Sydney's red dust storm benefits environment

Sydney's red dust storm benefits environment
7 October 2009

The dust storm as seen from below Sydney Harbour Bridge

Sydney - Scientists said on Wednesday the dramatic red dust storm that blanketed Sydney two weeks ago provided an unexpected benefit to the environment.

Photographs went around the world of the red dust cloud that enveloped Sydney on September 23, with many saying it looked like the end of the world. Now scientists monitoring the effect the dust had on Sydney Harbour and the surrounding ocean have discovered nutrients in the topsoil boosted microscopic life in the waters.

This increased carbon capture and showed that increasing nutrients in the ocean could help counter the effects of global warming. The huge storm carried about 140,000 tons of soil every hour from central Australia across thousands of kilometres to the east coast of Australia. An estimated 4,000 tons of dust settled on Sydney. Another 3 million tons landed in the Tasman Sea between Australia and New Zealand.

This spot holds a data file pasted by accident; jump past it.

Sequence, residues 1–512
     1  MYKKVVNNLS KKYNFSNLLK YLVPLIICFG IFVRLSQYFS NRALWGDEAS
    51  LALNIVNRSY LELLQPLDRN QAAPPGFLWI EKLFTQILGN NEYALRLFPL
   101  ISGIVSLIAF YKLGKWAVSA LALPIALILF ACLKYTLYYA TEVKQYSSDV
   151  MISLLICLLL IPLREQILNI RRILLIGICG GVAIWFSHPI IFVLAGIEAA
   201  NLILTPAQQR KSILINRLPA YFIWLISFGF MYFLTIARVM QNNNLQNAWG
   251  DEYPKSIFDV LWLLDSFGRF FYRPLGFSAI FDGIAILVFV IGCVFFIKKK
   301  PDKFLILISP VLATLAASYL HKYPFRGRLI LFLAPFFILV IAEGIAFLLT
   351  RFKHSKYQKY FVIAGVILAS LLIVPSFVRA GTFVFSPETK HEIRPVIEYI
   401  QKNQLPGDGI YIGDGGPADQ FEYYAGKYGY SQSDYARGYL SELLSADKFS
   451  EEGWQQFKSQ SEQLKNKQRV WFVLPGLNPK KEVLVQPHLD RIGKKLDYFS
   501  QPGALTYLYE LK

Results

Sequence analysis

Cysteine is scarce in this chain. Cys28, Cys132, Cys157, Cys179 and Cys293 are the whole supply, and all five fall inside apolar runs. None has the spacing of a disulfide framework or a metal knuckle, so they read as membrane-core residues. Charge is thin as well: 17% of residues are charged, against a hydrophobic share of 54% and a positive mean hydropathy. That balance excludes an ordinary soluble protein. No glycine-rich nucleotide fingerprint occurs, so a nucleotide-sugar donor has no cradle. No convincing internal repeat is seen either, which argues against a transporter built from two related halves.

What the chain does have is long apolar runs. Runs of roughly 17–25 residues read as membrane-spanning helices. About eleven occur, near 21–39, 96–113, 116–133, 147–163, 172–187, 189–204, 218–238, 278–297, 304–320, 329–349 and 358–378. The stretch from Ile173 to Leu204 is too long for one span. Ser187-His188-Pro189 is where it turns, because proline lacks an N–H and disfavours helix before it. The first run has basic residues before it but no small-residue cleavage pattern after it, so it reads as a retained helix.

Professor Ian Jones, director of the Ocean Technology Group at the University of Sydney, said the nutrient-rich top soil dumped on Sydney contained up to 1 per cent nutrients such as nitrogen and phosphates. "After the dust is deposited on the sea surface, the nutrients dissolve in the sunlit region of the ocean and are used by the phytoplankton to multiply," Jones said.

Measurements taken following the dust storm confirmed phytoplankton tripled in Sydney Harbour and in samples taken 10 kilometres offshore. "We estimate that as a consequence of this, the extra phytoplankton in the Tasman Sea will be capable of capturing 8 million tons of carbon dioxide, about the equivalent of a year's CO2 (carbon dioxide) emissions from a coal-fired one-gigawatt power station," said Jones.

The carbon will slowly sink to the deep ocean in the form of an additional 2 million tonnes of phytoplankton. As the phytoplankton moves through the food chain this will in turn grow extra fish and benefit the fishing industry.

Source: Erath Times.